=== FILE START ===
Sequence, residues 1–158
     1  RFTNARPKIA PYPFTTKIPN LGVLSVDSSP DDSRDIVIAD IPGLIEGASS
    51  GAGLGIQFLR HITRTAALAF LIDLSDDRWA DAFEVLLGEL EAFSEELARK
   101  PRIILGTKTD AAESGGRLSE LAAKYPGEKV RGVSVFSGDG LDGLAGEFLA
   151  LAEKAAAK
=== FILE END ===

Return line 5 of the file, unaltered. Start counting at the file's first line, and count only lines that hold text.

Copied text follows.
   151  LAEKAAAK